Other foreign bodies
Numerous cases of children swallowing other foreign bodies have also been reported across the UAE.
In particular, Dr Alyasi told Gulf News that between 2016 and 2018, SKMC had seen 258 cases of children swallowing foreign bodies, of which 40 per cent were coins, 16 per cent were button batteries, and 0.05 per cent were magnets. There were also some cases of older girls ingesting scarf pins.
While coins and single magnets often pass through the digestive tract without intervention, any foreign body can cause obstructions, perforations and other complications.
Most commonly ingested foreign bodies:
— Coins, which often pass out of the body without the need for medical intervention.
— Button batteries that can leak and cause poisoning and infection.
— Magnets that can cause intestinal perforation if more than one is ingested at different times.
— Scarf pins.
What should you do?
Keep toys with small magnets away from children aged four months and older.
Store batteries away from children, and try to ensure that the battery chamber in toys does not open up easily.
If a child starts coughing or choking suddenly, think foreign body ingestion and check for it.
If you suspect that something has been swallowed, rush your child to the hospital without delay.
Caution older children against ingesting foreign objects as a dare.
If your child has swallowed a foreign object:
— Make sure he or she is not choking on it. Symptoms of choking include going blue in the face, having trouble breathing, swallowing or speaking.
— Find out what he or she swallowed and head to the hospital.
— Do not try to extract the foreign body by yourself.
— Observe the symptoms while on the way to the hospital. For instance, if a coin lodges in the oesophagus (food pipe), your child will exhibit signs of increased salivation, difficulty swallowing, vomiting, neck pain, chest pain or coughing.
Some recent cases:
September 2019: One-year-old Mohammad in Abu Dhabi swallowed seven toy magnetic balls and developed bowel perforations, as well as perforations in the stomach and small intestine. The toys belonged to an older sibling. They were surgically removed.
February 2020: Younis, a two-year-old boy in Ajman, swallowed five small toy magnets. These too belonged to his older sibling. They were removed by means of two procedures conducted over 48 hours.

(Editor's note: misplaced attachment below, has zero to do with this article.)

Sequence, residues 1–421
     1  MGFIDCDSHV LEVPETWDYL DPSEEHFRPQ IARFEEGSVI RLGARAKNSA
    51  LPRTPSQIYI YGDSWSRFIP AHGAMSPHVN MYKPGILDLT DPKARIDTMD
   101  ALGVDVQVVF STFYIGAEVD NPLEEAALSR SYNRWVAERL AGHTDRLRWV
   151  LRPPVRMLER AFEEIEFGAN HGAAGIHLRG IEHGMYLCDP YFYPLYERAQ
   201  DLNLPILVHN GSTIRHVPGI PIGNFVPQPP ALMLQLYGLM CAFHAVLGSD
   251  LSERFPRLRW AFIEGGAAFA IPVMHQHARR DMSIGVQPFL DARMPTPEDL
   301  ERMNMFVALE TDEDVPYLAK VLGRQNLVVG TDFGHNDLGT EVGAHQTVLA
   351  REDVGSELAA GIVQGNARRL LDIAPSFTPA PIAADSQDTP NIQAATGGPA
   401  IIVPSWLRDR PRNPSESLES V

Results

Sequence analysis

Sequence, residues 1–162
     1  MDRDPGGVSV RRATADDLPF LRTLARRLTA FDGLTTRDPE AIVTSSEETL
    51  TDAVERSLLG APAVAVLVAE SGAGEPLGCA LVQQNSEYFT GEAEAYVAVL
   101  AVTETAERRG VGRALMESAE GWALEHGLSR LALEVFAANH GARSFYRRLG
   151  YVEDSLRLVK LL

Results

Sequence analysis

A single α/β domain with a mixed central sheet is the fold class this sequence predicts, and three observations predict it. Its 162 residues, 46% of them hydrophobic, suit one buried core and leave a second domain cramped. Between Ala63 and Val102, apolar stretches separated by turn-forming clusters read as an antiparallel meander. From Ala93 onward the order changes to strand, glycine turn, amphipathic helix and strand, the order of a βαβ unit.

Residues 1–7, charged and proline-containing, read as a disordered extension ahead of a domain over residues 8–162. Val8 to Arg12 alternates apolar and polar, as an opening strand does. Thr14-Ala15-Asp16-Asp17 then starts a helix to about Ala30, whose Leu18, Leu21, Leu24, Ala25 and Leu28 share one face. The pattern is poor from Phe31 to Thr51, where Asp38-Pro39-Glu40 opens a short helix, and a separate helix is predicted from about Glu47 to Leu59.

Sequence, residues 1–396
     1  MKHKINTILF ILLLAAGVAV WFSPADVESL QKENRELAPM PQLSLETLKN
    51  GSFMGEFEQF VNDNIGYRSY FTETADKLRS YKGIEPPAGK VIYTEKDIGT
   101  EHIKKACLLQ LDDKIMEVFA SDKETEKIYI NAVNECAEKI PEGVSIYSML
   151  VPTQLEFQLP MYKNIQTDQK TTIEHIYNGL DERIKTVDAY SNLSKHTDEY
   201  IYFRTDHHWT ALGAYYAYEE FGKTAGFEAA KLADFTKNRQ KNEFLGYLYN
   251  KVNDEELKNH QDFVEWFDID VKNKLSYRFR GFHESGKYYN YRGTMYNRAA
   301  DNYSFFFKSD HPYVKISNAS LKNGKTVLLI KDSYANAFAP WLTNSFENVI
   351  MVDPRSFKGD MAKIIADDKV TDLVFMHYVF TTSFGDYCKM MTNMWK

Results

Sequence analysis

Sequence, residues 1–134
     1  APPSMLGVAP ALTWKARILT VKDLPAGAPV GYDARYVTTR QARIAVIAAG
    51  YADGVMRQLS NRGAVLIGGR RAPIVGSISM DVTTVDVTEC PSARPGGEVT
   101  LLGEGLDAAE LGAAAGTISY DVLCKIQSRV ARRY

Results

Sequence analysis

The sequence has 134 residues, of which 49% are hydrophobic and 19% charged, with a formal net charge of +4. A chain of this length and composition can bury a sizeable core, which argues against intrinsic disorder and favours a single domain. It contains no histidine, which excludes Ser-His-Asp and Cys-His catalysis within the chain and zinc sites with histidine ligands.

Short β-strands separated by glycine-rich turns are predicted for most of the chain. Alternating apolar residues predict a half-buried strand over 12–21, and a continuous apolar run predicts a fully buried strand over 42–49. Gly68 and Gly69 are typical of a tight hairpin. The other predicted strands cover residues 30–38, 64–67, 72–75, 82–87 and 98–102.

June 2020: A three-year-old in Sharjah, Ayat, swallowed a 50-fil coin in Sharjah before her mother, who was watching her, could retrieve it. The coin was extracted through an emergency gastroscopy surgery.
December 2020: Salma, a one-year-old in Dubai, swallowed eight lentil-sized magnetic beads over a number of days and went into end-stage septic shock after sustaining damage to her bowels. Again, the beads had been a toy purchased for her older sibling. She had to undergo three surgeries over two months before recovering.
Magnet ingestion (SKMC study):
* 68 cases between 2016 and 2019: 45 single magnet ingestions, 23 multiple magnet ingestions.
* In 2016, 5 cases in total: 4 cases of single magnet ingestion, and 1 multiple magnet ingestion.
* In 2017, 17 cases in total: 15 cases of single magnet ingestion, and 2 of multiple magnet ingestion.
* In 2018, 14 cases in total: 8 cases of single magnet ingestion, and 6 of multiple magnet ingestion.
* In 2019, 28 cases in total: 14 cases of single magnet ingestion, and 14 of multiple magnet ingestion.
* 23 cases involving multiple magnets: 7 involving two magnets, 16 involving more than two magnets
Among the double magnet ingestions (7 cases): 5 patients passed the magnets spontaneously, 2 patients required surgical removal of the magnets
Among the multiple magnet ingestions (16 cases): 1 patient passed the magnets spontaneously, 3 patients needed endoscopic removal of the magnets, 12 patients needed surgical laparoscopic removal
In a previous study at SKMC (2016-2018), it was found that 258 foreign bodies had been swallowed by children. The breakdown of items swallowed shows:
— 40% coins
— 16% button batteries
— 0.05% magnets, but this number is on the rise.
— 7-8 cases of older girls ingesting scarf pins.